In pandemic-ridden 2020, United Airlines recorded over $7 billion in losses, the largest in 15 years, and sees a long road to recovery as the COVID-19 crisis wears on. Seeing no sign of a quick rebound in passenger revenue anytime soon, the embattled carrier is raising bets on new ventures, looking for opportunities in the nascent urban air mobility market, a sector Morgan Stanley estimates to be worth $1.5 trillion by 2040.
United announced Wednesday that it has placed a $1 billion pre-order for electric vertical-takeoff-and-landing (eVTOL) aircraft made by Silicon Valley startup Archer Aviation, with the option to buy an additional $500 million worth of aircraft.
Archer, a two-year-old startup headquartered in Palo Alto, Calif., is developing electric planes at a facility near Palo Alto Airport. The company plans to unveil a prototype that can fly 60 miles at a speed of 150 mph later this year and begin volume production in 2023, the year United expects to turn a profit again.
“We couldn’t be happier to be working with an established partner like United,” Archer co-CEO Brett Adcock said in a statement. “This deal represents so much more than just a commercial agreement for our aircraft, but rather the start of a relationship that we believe will accelerate our timeline to market as a result of United’s strategic guidance around FAA certification, operations and maintenance.”
Also on Wednesday, Archer announced a merger agreement with the special purpose acquisition company (SPAC) Atlas Crest Investment Corp. that will take the startup public in a deal worth $3.8 billion. The combined company will be named “Archer” and listed on the New York Stock Exchange under the ticker symbol “ACHR.”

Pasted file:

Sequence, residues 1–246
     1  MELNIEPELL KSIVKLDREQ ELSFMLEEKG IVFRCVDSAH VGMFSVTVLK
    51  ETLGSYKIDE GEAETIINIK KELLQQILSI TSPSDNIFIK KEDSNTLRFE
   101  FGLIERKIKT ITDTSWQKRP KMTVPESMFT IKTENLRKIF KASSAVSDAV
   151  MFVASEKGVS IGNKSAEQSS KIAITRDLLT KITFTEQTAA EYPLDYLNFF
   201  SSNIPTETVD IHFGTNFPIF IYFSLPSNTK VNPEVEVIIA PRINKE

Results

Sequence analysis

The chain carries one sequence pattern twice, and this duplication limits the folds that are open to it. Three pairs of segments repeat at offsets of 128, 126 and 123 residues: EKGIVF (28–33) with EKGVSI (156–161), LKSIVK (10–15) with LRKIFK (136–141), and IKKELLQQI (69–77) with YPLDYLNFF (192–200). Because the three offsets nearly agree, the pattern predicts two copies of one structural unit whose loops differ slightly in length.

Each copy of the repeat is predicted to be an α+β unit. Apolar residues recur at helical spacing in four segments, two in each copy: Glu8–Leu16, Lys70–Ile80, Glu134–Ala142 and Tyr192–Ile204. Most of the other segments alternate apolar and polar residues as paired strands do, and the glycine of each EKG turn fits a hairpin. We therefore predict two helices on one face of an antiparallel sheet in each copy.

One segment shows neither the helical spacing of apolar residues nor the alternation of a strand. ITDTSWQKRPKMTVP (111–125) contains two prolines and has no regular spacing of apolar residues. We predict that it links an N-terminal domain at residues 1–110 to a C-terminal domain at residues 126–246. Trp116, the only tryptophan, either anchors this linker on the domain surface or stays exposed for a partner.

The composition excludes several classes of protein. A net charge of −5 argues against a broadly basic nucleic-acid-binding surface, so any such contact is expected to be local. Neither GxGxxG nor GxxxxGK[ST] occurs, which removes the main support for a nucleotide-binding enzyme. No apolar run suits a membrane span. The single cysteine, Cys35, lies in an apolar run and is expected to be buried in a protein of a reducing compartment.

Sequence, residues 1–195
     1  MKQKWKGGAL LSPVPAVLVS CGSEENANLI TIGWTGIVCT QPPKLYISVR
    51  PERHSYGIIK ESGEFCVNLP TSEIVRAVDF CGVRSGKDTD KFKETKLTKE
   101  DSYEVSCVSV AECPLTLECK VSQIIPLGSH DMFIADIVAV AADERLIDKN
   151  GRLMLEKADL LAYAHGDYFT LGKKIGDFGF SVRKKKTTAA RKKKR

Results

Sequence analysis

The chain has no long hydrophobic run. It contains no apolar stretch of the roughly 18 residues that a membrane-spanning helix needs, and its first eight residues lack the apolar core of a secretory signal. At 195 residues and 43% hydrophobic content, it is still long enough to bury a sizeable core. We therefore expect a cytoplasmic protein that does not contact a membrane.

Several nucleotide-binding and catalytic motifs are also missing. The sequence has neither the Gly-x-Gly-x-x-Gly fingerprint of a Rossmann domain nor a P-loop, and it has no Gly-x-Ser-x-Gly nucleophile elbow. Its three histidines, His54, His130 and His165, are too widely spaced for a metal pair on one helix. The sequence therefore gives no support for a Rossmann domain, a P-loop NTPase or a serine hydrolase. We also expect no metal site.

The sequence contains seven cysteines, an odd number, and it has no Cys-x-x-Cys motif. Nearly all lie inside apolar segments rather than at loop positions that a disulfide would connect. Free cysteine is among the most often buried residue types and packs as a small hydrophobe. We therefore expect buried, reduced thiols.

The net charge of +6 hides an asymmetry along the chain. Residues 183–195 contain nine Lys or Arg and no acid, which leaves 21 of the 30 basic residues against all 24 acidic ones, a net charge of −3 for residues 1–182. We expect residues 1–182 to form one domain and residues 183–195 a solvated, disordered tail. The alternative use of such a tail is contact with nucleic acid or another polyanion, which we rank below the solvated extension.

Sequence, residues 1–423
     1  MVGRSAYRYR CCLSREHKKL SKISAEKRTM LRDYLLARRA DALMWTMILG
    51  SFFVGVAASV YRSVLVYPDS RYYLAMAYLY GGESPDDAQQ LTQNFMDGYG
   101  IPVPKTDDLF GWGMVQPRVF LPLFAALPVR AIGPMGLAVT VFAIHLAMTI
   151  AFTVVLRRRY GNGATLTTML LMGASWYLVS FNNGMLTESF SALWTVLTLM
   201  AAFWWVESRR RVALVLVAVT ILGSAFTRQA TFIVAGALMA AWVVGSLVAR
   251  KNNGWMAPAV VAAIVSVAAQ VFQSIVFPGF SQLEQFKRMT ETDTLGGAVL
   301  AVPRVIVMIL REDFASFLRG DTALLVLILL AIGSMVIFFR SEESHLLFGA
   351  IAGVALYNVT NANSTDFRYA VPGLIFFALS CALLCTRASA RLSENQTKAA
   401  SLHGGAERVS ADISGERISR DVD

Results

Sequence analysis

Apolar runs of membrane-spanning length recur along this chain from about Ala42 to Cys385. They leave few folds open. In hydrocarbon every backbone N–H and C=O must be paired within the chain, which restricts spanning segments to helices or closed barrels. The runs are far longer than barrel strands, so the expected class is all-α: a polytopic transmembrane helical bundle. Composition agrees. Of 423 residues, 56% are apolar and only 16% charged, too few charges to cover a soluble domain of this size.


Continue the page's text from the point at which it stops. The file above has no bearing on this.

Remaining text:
Archer plans to deploy its eVTOL planes first in Los Angeles. United estimates that using an Archer aircraft could reduce carbon dioxide emissions by up to 50 percent per passenger on a trip between Hollywood and Los Angeles International Airport.
“Part of how United will combat global warming is by embracing emerging technologies that decarbonize air travel,” United CEO Scott Kirby said in a statement. “By working with Archer, United is showing the aviation industry that now is the time to embrace cleaner, more efficient modes of transportation.”
In the fourth quarter of 2020, United burned through an average $33 million a day, including severance and principal payments. The airline expects revenue to fall up to 70 percent in the first quarter of 2021 compared with the same period in 2019. Nevertheless, it was able to maintain a healthy cash position by the end of 2020, with nearly $20 billion on hand, thanks to funds available under the CARES Act loan program.